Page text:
“They’ll Always Remember the Game We Played”
From the Fall 2019 issue of Learn to Skate USA The Magazine
This February marks two years since the 2018 Olympic Winter Games in PyeongChang, South Korea. It also marks two years since the 2018 U.S. Women’s Hockey Team captured the gold medal there, an unforgettable feat.
By Mimi McKinnis
It was Feb. 22, 2018, in PyeongChang, South Korea. Olympic gold was on the line. The United States hadn’t topped the podium in women’s hockey in 20 years, and adding to the drama, they faced Canada — rivals they’d settled for silver against at the 2010 and 2014 Olympic Winter Games.
But for Team USA’s forward Kelly Pannek, it was “just another game.”
“It’s hard to slow your heart rate down, but you just have to know that you’re prepared for that moment,” Pannek said. “You have to trust the people next to you — the team that you’ve trained with and the work you’ve put in day-to-day.”
For Pannek, that day-to-day started after rollerblading around the unfinished basement of her childhood home in Plymouth, Minnesota.
“I remember caring so much about it,” Pannek said. “I’ve always been very competitive. I loved every aspect of hockey — working on my skating skills, handling the stick, working the puck, keeping my focus — the whole day-to-day grind. But the competitive aspect — that’s what really drew me to hockey.”
Pannek’s competitive drive was evident on her first team in the Armstrong Cooper Youth Hockey Association, and then as a member of the University of Minnesota, where she paced the team with seven game-winning goals and led the nation with 63 assists during her junior year. In 2017, she was redshirted for her senior season to train with the U.S. Women’s National Team, preparing to play on Team USA in PyeongChang.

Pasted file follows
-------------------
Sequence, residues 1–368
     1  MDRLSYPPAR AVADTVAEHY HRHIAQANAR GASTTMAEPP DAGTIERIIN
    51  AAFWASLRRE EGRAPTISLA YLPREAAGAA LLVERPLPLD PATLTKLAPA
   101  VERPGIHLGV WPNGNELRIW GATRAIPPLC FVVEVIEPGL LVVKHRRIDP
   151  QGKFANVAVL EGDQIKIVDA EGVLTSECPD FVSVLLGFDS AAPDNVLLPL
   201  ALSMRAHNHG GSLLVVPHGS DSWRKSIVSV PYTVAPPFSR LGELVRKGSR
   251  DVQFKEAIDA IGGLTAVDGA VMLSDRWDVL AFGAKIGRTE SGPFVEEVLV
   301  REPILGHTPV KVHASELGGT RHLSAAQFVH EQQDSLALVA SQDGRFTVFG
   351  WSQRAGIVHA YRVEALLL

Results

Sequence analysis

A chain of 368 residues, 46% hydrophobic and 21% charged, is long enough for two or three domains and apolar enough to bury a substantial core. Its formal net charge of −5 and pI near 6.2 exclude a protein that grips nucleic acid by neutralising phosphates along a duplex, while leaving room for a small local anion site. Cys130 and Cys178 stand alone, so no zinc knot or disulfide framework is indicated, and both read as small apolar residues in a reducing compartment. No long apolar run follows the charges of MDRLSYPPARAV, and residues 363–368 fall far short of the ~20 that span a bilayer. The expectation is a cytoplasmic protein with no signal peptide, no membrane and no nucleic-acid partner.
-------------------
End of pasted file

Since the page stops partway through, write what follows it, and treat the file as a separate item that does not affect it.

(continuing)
“It was amazing to let it all sink in after the fact,” Pannek said. “They’ll always remember the game we played.”
The game, played 38 years to the day after the “Miracle on Ice” in Lake Placid, New York, saw the two North American teams tied 2 at the end of regulation. When overtime failed to separate them, a dramatic shootout ultimately gave Team USA a 3–2 victory, and their first Olympic title in women’s hockey since the event’s inaugural competition in 1998. It was a moment to remember — a moment USA Hockey’s American Development Model (ADM) Manager of Female Hockey Kristen Wright hopes will bring continued exposure to women’s hockey.
“In the last eight years we’ve seen continuous growth in women’s hockey,” Wright said. “Sometimes we see a drop-off in participation when players get to high school. They start to face other pressures and changing interests and choose those other interests instead of hockey. But overall, we’ve seen astronomical growth, and I think the girl’s side will continue to grow, especially after the world witnesses moments like Team USA’s gold medal game. It was a fantastic display of women’s sports.”
“It’s exciting to see,” Pannek said. “People need to see that perception doesn’t matter. Whoever you are, boys, girls, it doesn’t matter. If you love it and you work hard, you can be an Olympic champion.”